This story originally appeared at TomDispatch.com
Those first acts of that first shining full day in the Oval Office are now so forgotten, but on January 21, 2009, among other things, Barack Obama promised to return America to "the high moral ground," and then signed a straightforward executive order "requiring that the Guantanamo Bay detention facility be closed within a year." It was an open-and-shut case, so to speak, part of what CNN called "a clean break from the Bush administration." On that same day, as part of that same break, the president signed an executive order and two presidential memoranda hailing a "new era of openness," of sunshine and transparency in government. As the president put it, "Every agency and department should know that this administration stands on the side not of those who seek to withhold information, but those who seek to make it known."
Of course, nothing could have been more Bushian, if you were thinking about "clean breaks," than America's wars in the Greater Middle East. When it came to the Iraq War, at least, President Obama arrived in office with another goal and another promise that couldn't have been more open and shut (or so his supporters thought), not just drawing down Bush's disastrous war in Iraq, but "ending" it "responsibly." (Admittedly, he was also muttering quietly about "residual forces" there, but who noticed?)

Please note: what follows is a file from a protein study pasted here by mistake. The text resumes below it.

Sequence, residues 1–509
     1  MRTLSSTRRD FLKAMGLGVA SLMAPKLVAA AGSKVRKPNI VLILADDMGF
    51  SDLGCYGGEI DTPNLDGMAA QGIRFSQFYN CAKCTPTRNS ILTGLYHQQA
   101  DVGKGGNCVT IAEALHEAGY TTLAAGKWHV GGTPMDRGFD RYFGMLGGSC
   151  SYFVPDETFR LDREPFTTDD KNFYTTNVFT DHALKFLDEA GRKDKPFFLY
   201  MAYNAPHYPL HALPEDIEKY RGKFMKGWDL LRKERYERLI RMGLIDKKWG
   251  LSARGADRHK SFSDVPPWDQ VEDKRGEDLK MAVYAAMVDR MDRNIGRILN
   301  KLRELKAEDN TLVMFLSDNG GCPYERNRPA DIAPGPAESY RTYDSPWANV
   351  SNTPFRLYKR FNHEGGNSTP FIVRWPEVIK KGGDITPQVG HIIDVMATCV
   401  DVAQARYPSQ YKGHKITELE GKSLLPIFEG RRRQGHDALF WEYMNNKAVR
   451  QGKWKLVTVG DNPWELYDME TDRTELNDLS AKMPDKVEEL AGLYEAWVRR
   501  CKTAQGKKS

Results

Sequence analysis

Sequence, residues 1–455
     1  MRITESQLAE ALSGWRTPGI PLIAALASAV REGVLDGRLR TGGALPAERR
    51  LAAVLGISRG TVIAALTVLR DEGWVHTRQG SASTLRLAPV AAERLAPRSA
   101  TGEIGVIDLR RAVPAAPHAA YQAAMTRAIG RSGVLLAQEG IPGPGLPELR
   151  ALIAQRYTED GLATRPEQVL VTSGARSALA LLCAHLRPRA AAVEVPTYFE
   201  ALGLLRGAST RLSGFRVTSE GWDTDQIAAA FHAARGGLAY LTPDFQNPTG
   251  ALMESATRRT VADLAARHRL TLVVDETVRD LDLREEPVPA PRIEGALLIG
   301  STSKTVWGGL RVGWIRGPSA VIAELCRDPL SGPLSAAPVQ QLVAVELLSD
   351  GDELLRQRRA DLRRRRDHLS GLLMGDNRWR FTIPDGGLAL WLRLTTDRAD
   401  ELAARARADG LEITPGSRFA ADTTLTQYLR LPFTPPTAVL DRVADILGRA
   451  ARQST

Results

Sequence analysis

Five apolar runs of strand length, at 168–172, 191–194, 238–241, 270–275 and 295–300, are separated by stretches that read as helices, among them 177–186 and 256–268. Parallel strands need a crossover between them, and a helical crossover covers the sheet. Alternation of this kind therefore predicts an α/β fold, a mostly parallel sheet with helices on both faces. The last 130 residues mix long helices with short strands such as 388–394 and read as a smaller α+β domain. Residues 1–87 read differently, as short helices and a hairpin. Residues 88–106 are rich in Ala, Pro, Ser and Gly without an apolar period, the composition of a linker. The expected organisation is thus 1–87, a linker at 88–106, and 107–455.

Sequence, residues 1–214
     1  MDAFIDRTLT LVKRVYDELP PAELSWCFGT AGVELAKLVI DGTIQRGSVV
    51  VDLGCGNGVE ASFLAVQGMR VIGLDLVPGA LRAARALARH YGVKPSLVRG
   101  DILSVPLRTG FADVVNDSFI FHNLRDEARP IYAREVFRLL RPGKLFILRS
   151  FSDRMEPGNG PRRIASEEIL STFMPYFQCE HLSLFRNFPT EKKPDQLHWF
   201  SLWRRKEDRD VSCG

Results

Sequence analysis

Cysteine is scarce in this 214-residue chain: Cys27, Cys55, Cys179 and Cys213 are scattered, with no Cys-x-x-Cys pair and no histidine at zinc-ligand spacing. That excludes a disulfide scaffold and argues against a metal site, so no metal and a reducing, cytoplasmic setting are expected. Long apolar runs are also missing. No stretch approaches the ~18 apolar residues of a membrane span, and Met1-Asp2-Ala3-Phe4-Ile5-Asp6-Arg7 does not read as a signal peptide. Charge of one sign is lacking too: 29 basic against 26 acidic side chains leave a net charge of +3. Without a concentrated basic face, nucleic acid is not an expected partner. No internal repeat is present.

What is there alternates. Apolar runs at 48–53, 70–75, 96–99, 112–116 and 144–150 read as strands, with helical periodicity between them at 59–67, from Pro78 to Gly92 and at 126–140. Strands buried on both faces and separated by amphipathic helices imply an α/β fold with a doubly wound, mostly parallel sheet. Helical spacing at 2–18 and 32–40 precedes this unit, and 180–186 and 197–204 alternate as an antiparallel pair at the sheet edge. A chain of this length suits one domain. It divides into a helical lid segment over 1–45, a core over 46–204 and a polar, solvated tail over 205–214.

Two and a half years later, Guantanamo remains thrivingly open, while all discussion of ever closing it has long since ended; the administration has, in those same years, gained a fierce reputation as an enforcer of government secrecy and, while it has prosecuted neither torturers, nor financial titans, it has gone after government whistleblowers with a passion. In the meantime, the Iraq War was indeed wound down "responsibly" (which turned out to mean incredibly slowly), but in recent months, as U.S. casualties again rose, the Obama administration and the U.S. military have visibly been in a desperate search for ways to keep sizeable numbers of American forces there as "trainers," while also militarizing a vast State Department mission in Baghdad and outfitting it for the long haul with more than 5,000 armed mercenaries as well as a mini-air force.
Promises? As Mad magazine's Alfred E. Neuman used to say: What? Me worry? As it happens, though, David Bromwich, TomDispatch regular (and essayist for the Huffington Post and the New York Review of Books) does worry. In today's ambitious post, he offers a new yardstick for measuring the promises, the acts, and the nature of the Obama administration -- as well as the nature of its "break" with the Bush era. Tom
Symptoms of the Bush-Obama Presidency
The Saved and the Sacked
By David Bromwich
Is it too soon to speak of the Bush-Obama presidency?
The record shows impressive continuities between the two administrations, and nowhere more than in the policy of "force projection" in the Arab world. With one war half-ended in Iraq, but another doubled in size and stretching across borders in Afghanistan; with an expanded program of drone killings and black-ops assassinations, the latter glorified in special ceremonies of thanksgiving (as they never were under Bush); with the number of prisoners at Guantanamo having decreased, but some now slated for permanent detention; with the repeated invocation of "state secrets" to protect the government from charges of war crimes; with the Patriot Act renewed and its most dubious provisions left intact -- the Bush-Obama presidency has sufficient self-coherence to be considered a historical entity with a life of its own.